- The Washington Times - Wednesday, February 14, 2001

MEXICO CITY Hopes are sky-high ahead of Friday's visit by President Bush that the "cowboy summit" will open a new era in relations marked by greater cooperation on everything from the drug war to trade and immigration.

"For the first time, we are presented with the opportunity to make the United States-Mexico relationship a highly productive one," said Mexican President Vicente Fox who will host Mr. Bush at his ranch during a weekend press conference.

In reality though, there are many issues between the countries too difficult to be resolved quickly, no matter how strong the relationship is between the two leaders.

Much has been made of both presidents' penchants for boots, horses and folksy styles, as well as anecdotes recounting how they immediately clicked on a personal level the first time they met in 1996 when both were governors.

Two more meetings since then, in 1999 and in August last year when Mr. Fox had just won his election, have strengthened the chemistry between them.

Aides say the relationship is bolstered by the business backgrounds of both men and common ties to the highland state of Guanajuato. The state, which Mr. Fox governed before running for president, was the birthplace of the wife of Florida Gov. Jeb Bush.

The Fox camp has sought to talk up what it calls "the democratic bonus" secured by ending 71 years of one-party rule by the Institutional Revolutionary Party, and then managing a peaceful transition.

This, the new government insists, allows a new Mexico to stand tall on the world stage and demand to be taken seriously. In a pre-summit trip to Washington at the end of last month, Foreign Minister Jorge Castaneda said, "We have nothing to be ashamed of any more."

But however open and flexible the new Mexican government, the rhetoric of partnership will not be easy to put into practice. The Fox team will probably be happy to come away from Friday's summit with a few firm indications of progress to come.

Mr. Fox said last weekend that immigration to the United States would be his top issue, while he also planned to discuss drug trafficking, energy and economic development.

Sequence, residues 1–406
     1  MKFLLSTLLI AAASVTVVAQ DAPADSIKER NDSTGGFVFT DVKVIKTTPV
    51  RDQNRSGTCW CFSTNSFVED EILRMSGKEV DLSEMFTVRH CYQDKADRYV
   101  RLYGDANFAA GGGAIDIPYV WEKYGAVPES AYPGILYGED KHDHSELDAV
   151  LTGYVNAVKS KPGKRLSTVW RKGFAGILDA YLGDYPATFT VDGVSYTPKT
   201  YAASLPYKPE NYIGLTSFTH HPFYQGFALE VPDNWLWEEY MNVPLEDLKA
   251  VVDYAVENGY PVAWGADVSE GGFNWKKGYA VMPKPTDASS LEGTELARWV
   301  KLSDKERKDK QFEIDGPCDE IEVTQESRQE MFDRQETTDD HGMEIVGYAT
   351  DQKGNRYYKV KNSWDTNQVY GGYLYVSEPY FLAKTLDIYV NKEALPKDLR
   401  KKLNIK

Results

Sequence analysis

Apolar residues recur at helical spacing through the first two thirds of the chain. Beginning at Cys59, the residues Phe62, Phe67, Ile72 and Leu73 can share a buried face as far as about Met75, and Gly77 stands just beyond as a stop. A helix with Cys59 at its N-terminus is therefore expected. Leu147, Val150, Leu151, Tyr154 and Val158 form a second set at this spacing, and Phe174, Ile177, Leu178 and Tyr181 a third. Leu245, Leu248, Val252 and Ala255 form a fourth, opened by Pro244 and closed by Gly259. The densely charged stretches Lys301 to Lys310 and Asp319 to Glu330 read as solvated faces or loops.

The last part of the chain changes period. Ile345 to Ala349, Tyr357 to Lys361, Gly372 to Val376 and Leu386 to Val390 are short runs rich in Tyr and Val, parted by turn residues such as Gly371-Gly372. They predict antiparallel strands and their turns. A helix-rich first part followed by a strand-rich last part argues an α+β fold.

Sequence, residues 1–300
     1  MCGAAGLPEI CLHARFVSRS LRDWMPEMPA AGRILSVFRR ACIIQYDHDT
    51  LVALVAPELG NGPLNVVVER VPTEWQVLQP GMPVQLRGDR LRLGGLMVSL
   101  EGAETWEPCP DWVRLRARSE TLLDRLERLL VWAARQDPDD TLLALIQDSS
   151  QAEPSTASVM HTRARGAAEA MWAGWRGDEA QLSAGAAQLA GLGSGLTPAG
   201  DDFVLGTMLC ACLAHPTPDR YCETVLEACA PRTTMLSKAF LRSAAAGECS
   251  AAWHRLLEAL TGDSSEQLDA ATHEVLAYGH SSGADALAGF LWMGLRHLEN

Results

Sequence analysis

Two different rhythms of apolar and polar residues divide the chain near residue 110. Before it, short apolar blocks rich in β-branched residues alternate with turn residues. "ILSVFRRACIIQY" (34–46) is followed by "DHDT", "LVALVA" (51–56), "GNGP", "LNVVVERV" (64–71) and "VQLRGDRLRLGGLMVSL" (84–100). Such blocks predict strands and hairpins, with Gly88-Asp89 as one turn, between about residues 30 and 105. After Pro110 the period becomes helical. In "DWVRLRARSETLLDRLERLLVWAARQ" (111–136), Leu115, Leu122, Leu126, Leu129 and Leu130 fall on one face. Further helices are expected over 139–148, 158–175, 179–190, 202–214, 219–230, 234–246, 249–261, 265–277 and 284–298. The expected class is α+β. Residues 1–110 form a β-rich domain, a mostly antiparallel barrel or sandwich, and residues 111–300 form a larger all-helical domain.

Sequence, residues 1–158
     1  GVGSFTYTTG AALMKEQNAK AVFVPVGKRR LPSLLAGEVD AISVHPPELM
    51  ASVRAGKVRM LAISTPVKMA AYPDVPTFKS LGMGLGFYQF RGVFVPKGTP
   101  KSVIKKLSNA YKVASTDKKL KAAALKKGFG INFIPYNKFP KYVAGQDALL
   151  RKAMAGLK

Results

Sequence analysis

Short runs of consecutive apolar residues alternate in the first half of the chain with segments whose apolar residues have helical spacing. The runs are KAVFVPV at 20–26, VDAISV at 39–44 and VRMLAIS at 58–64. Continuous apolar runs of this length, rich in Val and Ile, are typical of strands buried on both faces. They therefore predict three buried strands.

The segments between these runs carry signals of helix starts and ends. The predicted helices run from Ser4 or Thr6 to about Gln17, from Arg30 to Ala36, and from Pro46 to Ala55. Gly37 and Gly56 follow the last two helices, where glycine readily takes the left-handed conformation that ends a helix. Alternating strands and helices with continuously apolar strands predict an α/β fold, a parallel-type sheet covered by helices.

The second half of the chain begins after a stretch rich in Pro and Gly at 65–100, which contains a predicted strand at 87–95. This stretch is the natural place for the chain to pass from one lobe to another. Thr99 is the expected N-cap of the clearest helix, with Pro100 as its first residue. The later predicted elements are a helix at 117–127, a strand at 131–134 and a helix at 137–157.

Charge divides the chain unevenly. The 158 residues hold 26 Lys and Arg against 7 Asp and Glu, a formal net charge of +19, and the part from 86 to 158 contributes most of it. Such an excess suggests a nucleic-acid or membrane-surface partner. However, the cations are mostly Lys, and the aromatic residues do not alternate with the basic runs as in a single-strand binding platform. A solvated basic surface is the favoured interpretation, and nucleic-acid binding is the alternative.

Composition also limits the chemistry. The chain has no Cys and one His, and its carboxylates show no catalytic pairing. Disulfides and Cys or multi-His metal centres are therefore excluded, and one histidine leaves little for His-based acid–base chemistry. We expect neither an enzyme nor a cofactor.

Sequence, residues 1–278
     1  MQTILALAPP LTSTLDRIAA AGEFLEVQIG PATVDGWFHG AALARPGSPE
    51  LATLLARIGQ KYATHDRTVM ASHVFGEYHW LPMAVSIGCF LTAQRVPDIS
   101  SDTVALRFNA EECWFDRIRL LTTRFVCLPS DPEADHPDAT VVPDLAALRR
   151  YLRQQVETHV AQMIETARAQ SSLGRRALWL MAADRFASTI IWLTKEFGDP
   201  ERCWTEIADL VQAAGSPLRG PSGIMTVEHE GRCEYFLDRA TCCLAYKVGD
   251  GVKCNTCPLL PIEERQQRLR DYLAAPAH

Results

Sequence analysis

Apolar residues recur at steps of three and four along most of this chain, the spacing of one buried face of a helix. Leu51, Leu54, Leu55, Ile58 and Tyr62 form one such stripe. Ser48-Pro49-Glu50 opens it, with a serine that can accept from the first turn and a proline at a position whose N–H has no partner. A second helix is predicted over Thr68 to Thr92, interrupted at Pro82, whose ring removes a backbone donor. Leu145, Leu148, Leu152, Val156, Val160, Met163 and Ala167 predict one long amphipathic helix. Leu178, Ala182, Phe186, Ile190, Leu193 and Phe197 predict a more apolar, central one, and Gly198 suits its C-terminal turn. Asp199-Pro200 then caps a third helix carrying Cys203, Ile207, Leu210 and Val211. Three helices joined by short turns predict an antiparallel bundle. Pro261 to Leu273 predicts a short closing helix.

He has promised his domestic audience that he will ask for amnesty for illegal workers in the United States, rhetorically calling on America to "never forget that it is what it is because of immigration."

The Mexican president also has welcomed a push by Sen. Phil Gramm, Texas Republican, for a guest-worker program for Mexican agricultural and service sector workers. The proposal is reminiscent of the Bracero program for land laborers in place between 1942 and 1964, but more closely resembles a German system involving primarily Turkish workers.

Mr. Fox's grander vision of turning the North American Free Trade Act into something akin to the European Union with open borders and a development fund to help Mexico catch up with its northern neighbors received a cool reception when he took it to the United States in August as president-elect. It has quietly dropped out of his speeches since he took office.

On the issue of drugs there have been recent signs of greater cooperation, with Mr. Fox's government supporting the extradition of traffickers wanted in the United States. Washington, in turn, has been remarkably quiet about a major drug kingpin's easy escape from a high-security jail last month.

Mr. Fox will be looking for a public signal from Mr. Bush that Mexico will be considered a partner in the fight against international organized drug crime, rather than a worrying link in the chain.

One effective way of doing this would be to promise to end the certification process, which is viewed by Mexico and other Latin American nations as an offensive ritual symbolizing U.S. disrespect for its southern neighbor.

According to some analysts, Mr. Fox could entice Mr. Bush to help him with his domestic goals on immigration and drugs by offering to help the United States cope with the California energy crisis.

But the Mexican president's room for maneuver is limited by a constitutional ban on foreign involvement in energy production and the knowledge that Mexico is quickly approaching the point where its own energy demands outstrip supply.

Other possible bargaining chips would be a toning down of Mexico's traditional defense of Cuba's right to self-determination and perhaps an expression of support for Plan Colombia, although Mexico's desire to become Latin America's bridge to the rest of the world makes this difficult.

Meanwhile, in the newly painted little town of San Cristobal near Mr. Fox's family ranch, locals are preparing tamales and dreaming of asking Mr. Bush for what they really want a visa to the United States.

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